I wonder about Set’s worship / cult in ancient times, and my sense is that we currently understand only a fraction of what it was, and just how He was truly regarded. Perhaps this is why there are a myriad of “groups” that have sprung up in relation to Him?

    I am currently reading the Temple Of Set V1; whilst I am not a TOS member, I am not entirely sure that it can be said that they don’t think that He is real. (I think it is accurate to suggest that they don’t worship Him).

    “Questions of dogma, authority, legitimacy and heteronormativity don’t even occur to Him”: I could not agree more. I think that Netjer / Deity is a concept so massive and beyond our understanding (now, but perhaps not in Ancient Kemet) that it is moronic to suggest that where we put our dicks and our own petty life grievances even makes the radar for a God. (I do think how we treat each other matters though and I think that also matters to many Netjeru).

    Love the Dr. Who pic. And happy new (Gregorian) year!

    Like

    • G. B. Marian January 12, 2015 at 7:15 am

      The Temple of Set actually has a pretty wide discursive space when it comes to just what Seth actually is. The members of their priesthood all seem to think He’s real enough, but first and second degree members aren’t required to agree. (Considering their roots in the Church of Satan, I can sort of see where they’re coming from on this.) As for people in the Typhonian Thelema school, many of them don’t seem to think of Him as a literal being either (which isn’t a judgment against them). I think the issue of whether He’s real or not is probably less important for people who worship themselves as their own Gods.

      Thank you for your thoughtful comments; I’m glad this post has sparked some discussion! 🙂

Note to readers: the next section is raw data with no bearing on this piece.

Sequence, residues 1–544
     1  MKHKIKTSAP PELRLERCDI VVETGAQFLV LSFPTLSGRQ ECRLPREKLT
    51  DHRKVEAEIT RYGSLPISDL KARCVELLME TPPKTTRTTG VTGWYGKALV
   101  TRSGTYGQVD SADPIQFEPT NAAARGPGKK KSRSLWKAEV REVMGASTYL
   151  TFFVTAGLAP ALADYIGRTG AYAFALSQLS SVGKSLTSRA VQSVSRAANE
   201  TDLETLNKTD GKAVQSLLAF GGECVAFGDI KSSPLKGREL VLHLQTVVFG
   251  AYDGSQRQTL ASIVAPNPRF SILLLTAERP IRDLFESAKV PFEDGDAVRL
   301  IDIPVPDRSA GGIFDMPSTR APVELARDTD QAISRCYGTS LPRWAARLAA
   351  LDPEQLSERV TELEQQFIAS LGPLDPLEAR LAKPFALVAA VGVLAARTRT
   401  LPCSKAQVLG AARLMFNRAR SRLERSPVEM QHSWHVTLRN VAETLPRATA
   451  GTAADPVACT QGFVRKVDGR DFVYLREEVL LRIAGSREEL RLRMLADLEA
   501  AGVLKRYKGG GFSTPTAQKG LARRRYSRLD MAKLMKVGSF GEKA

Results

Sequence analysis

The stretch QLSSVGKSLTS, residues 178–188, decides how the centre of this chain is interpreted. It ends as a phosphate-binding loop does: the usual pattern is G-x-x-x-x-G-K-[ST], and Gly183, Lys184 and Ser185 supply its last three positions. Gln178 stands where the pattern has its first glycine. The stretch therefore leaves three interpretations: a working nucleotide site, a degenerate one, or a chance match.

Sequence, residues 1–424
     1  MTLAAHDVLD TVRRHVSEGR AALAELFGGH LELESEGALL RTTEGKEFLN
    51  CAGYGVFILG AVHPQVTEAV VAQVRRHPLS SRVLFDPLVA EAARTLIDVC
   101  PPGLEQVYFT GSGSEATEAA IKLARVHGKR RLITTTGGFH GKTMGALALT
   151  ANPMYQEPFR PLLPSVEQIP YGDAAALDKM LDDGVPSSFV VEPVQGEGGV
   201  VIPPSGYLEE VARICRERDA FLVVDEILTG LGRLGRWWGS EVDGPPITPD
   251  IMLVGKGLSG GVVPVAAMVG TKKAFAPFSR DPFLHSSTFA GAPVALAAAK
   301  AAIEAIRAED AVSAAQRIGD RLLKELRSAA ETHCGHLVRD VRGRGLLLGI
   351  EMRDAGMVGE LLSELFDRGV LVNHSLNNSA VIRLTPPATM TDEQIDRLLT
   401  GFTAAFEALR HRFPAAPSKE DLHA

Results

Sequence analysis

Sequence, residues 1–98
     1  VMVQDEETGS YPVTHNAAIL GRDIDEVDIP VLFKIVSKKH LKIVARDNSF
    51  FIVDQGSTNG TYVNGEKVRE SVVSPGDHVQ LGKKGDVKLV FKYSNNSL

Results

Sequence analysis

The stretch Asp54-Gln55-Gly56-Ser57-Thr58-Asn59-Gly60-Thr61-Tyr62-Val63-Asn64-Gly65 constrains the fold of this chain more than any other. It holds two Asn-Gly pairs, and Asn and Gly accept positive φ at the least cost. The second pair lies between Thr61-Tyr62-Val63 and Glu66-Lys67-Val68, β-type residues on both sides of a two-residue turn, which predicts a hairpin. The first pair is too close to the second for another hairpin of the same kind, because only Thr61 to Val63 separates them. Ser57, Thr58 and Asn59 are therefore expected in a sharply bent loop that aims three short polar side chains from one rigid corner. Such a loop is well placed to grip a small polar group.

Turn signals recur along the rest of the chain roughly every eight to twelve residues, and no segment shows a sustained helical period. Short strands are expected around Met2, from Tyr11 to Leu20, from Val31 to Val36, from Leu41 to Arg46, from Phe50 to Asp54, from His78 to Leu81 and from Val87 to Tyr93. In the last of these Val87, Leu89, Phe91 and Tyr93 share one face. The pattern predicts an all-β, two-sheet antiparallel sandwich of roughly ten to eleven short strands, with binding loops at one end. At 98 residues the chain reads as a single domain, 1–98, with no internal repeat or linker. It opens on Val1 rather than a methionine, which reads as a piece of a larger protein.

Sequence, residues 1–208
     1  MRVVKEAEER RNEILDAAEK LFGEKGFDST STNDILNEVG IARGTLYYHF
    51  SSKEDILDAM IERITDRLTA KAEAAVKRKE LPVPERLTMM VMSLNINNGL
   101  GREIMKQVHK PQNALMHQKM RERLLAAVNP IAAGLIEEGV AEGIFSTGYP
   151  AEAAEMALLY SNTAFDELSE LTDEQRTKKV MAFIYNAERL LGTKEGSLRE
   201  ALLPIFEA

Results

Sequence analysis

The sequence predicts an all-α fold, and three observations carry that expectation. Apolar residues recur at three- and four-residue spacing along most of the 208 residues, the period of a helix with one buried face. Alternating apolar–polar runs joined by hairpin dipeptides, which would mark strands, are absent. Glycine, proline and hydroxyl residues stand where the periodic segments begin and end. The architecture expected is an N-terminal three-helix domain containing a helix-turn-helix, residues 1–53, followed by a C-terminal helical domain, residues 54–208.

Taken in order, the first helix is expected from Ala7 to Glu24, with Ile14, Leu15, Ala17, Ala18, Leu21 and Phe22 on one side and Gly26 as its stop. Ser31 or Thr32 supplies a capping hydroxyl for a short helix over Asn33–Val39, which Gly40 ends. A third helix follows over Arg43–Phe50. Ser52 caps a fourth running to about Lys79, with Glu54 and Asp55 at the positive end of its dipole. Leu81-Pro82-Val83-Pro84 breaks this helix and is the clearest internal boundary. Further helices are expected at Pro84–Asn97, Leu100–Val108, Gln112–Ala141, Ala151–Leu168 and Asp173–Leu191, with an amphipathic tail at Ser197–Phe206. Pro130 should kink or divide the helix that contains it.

Liked by 1 person

    • Ekunyi January 12, 2015 at 8:41 am

      ” ‘Questions of dogma, authority, legitimacy and heteronormativity don’t even occur to Him’: I could not agree more. I think that Netjer / Deity is a concept so massive and beyond our understanding (now, but perhaps not in Ancient Kemet) that it is moronic to suggest that where we put our dicks and our own petty life grievances even makes the radar for a God.”

      I predominantly agree with both of your thoughts on this as well, though I would perhaps add that when it comes to Set (at least in my experience, for whatever such may be worth) I’ve found that there seems to be a higher degree of understanding, or perhaps simply higher tolerance, for what we might consider very “human” concerns. Certainly I would not think of Him taking much time to worry over issues like sexuality or gender identity by themselves, for it is humanity — not the gods — which has developed the culture of intolerance that ostracizes those of us not living within a perceived “normative” paradigm, but perhaps He has a greater awareness of what the resultant ostracization and rejection means to us. How much strength it takes to survive it.